Fallow makes return as ‘third crop’

Challenging times lie ahead on contracted farms as final changes are made to cropping plans following Defra’s latest details on CAP reform implementation.

Cereal prices are at a four year low, and recent announcements on the Basic Payment Scheme (BPS) – including what will and will not count towards greening measures – mean there will be a significant change of crops in the ground. More Defra details are expected next month.

Some contractors have expressed concern that the cereal prices will substantially decrease the divisible surplus while, as farm business consultants, we are considering the “heresy” of fallow on the less productive land.

Jon BirchallJon Birchall
Business consultant, Balfour LLP

Certainly the projected net margins for winter barley and winter oilseed rape are barely breakeven, and the recent enthusiasm for spring beans as part of our Ecological Focus Areas (EFA), now looks slightly misplaced.

It is easy to forget beans can be an unreliable crop and conversations with contractors indicate that there’s likely to be a glut of beans on the market next year. In my opinion, fallow as a “crop” has received a large boost as Defra published its latest guidelines on CAP reform last month.

Under the new BPS fallow can now count as a crop under the crop diversification rules, and also count towards the EFA requirements, albeit with different rules applying in each case.

See also: Video: Truss to press EU for three-crop rule review

Many of the existing options already in place, under current agri-environment schemes, could satisfy the rules for fallow under the BPS, and in 90% of the cases, this will be without penalty to the ELS payments.

Where there isn’t an existing agri-environment scheme in place, low combinable crop profitability means putting land with poor productivity into fallow, is a sensible option, especially in a contract farming situation, where it is effectively, much easier to reduce fixed costs.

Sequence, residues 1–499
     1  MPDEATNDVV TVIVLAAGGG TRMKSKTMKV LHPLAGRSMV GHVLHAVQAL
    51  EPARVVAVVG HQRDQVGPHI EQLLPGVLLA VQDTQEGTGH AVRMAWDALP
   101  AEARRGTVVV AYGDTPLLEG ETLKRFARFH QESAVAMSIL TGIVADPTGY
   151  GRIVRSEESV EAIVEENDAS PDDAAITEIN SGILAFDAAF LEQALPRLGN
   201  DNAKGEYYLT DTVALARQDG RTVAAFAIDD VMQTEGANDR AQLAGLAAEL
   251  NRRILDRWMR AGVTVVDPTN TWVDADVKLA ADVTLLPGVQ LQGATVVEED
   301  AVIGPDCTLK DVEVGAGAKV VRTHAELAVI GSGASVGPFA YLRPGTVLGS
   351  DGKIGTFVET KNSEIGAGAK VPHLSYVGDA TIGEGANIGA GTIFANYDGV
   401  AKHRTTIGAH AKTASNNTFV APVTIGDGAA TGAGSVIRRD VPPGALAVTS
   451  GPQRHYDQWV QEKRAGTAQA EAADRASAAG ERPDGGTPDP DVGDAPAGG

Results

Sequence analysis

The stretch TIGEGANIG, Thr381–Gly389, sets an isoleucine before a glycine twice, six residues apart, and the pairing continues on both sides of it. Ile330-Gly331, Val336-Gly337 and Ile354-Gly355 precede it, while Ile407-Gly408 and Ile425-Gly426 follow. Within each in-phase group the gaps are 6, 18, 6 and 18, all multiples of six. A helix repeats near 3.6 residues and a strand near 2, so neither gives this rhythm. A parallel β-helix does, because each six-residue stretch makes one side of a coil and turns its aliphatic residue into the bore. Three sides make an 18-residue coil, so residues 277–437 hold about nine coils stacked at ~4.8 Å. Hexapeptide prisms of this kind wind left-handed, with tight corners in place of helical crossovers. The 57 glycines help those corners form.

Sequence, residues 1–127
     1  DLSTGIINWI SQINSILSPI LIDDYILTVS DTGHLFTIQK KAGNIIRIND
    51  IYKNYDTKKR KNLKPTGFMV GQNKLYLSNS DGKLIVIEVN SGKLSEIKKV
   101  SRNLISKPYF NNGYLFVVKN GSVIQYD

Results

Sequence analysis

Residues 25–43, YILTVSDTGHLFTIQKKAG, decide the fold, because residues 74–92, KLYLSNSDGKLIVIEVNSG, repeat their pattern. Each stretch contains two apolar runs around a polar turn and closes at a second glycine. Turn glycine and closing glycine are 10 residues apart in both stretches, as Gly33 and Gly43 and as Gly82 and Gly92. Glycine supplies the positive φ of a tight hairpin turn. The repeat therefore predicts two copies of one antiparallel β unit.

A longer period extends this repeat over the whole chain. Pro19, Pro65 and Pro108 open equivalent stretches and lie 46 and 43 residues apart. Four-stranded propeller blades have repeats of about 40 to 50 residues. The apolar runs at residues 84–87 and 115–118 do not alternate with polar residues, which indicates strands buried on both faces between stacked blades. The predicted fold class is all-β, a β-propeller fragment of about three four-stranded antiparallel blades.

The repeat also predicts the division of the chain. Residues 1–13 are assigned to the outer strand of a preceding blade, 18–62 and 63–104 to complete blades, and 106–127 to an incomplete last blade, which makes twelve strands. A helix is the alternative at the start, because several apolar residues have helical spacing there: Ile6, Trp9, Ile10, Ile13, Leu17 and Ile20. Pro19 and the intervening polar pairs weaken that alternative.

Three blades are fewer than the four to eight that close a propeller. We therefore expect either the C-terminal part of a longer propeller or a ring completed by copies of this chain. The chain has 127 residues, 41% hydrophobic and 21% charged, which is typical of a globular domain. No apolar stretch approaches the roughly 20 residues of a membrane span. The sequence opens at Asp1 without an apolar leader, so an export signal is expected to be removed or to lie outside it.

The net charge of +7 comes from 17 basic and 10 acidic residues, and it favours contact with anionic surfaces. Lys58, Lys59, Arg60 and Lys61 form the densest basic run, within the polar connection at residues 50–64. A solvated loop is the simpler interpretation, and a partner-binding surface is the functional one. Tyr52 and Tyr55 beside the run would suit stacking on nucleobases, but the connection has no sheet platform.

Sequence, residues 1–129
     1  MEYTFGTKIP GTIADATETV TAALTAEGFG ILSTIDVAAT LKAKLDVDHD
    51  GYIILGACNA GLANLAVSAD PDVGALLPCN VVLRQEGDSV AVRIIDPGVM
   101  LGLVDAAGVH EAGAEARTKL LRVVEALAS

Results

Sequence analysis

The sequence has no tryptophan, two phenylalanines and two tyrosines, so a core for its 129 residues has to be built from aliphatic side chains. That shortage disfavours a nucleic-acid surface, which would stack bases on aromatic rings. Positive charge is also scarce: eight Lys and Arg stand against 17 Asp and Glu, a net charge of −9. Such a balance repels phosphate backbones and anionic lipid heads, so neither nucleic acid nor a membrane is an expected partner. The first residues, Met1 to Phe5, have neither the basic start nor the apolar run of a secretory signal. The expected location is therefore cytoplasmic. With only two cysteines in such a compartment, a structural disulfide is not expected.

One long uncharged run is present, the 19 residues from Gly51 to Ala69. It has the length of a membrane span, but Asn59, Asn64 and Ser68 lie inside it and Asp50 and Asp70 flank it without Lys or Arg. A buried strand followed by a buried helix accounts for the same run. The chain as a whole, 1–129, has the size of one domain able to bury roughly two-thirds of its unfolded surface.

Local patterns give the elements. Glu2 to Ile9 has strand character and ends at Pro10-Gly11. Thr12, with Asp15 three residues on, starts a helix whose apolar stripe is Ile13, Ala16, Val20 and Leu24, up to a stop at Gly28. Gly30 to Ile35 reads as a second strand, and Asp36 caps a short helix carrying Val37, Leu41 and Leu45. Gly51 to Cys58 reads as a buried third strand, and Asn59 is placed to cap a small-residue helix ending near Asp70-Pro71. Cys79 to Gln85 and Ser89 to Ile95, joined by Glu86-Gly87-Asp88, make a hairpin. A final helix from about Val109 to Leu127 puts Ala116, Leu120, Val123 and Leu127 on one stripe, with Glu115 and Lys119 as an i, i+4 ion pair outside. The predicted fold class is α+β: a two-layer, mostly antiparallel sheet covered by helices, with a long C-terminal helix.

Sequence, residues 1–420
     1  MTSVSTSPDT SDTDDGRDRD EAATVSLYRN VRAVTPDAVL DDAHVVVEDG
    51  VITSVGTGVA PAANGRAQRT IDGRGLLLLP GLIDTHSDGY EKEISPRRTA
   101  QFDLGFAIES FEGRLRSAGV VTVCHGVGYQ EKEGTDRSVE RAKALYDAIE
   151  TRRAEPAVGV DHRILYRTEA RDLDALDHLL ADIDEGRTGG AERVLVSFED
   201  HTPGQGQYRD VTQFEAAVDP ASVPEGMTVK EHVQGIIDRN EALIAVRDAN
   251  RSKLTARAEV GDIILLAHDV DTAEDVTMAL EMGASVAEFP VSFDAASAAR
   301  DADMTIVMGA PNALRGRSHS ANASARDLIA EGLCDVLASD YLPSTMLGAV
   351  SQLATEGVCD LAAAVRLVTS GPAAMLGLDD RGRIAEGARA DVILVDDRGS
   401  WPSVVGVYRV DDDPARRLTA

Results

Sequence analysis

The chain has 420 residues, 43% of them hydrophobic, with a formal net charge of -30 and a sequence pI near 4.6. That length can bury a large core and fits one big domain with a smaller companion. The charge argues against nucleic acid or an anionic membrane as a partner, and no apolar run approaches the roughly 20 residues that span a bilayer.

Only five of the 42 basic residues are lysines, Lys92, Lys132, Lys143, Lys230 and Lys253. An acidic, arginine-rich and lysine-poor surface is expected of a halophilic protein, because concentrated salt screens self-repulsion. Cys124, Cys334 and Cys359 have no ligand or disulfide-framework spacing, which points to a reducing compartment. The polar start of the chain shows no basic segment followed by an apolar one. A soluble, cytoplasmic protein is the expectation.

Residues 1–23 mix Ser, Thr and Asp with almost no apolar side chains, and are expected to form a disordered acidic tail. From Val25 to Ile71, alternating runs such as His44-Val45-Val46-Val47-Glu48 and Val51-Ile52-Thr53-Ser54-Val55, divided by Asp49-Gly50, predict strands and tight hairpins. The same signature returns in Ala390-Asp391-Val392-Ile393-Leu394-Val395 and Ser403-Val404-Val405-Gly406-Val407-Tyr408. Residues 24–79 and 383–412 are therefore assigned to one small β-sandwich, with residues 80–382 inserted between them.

Under the crop diversification rules, the crop in the ground during the period 1 May to 30 June is the one which counts when the BPS application is submitted.

But it is important to note that when fallow is used as part of the EFA requirement this period extends from 1 January to 30 June and no crop may be established on fallow during this period unless it is a wild bird seed mix or a pollen and nectar mix.

Both of these mixes can satisfy the fairly loose requirements for fallow, hence the need to look carefully at existing agri-environment schemes when considering greening requirements, as these options are frequently found on farms.

Temporary grass can also count as fallow, as long as no production (grazing, or cropping), is taken during the fallow period. While land is entered on to the BPS application as fallow, it will not lose its arable status.

There are few management requirements for fallow land. Defra simply state that no agricultural production can take place during the fallow period and fallow areas must be a minimum of 0.01ha and have a minimum width of 2m. Where problems exist with herbicide resistant grassweeds, the flexibility of fallow means it could be an ideal management tool to deal with problem weed areas.

Farmers and businesses, with ELS schemes which commenced on or after the 1 January 2012, will shortly receive letters from Natural England explaining how their payments will be reduced under the double funding rules.

Agreement holders will be given until 15 November to amend, rescind, or continue with their schemes. It’s vitally important to try and restructure and retain these schemes as there is no replacement for ELS under the New Environmental Land Management Schemes.

Other options which can be used as part of the 5% EFA requirement are: buffer strips, nitrogen fixing crops, hedges, and catch and cover crops. In order to qualify all of these options need to be located on or adjacent to arable land.

Buffer strips only qualify if they are adjacent to a water course but bizarrely, the one metre cross-compliance strip can also count as the buffer strip and because of the multipliers used in the BPS rules, this will be worth nine square metres of EFA.

So far it looks as if we will be able to incorporate the requirements of the BPS, into most of our contract farming systems, without too much difficulty. The one area where we will see serious problems, is with the smaller arable acreages which are currently block cropped.

Implementing the three crops rule on these areas will significantly increase costs as efficiencies from block cropping are lost, which seems ironic when DEFRA publicly states it wishes to grow the rural economy and increase farm productivity.

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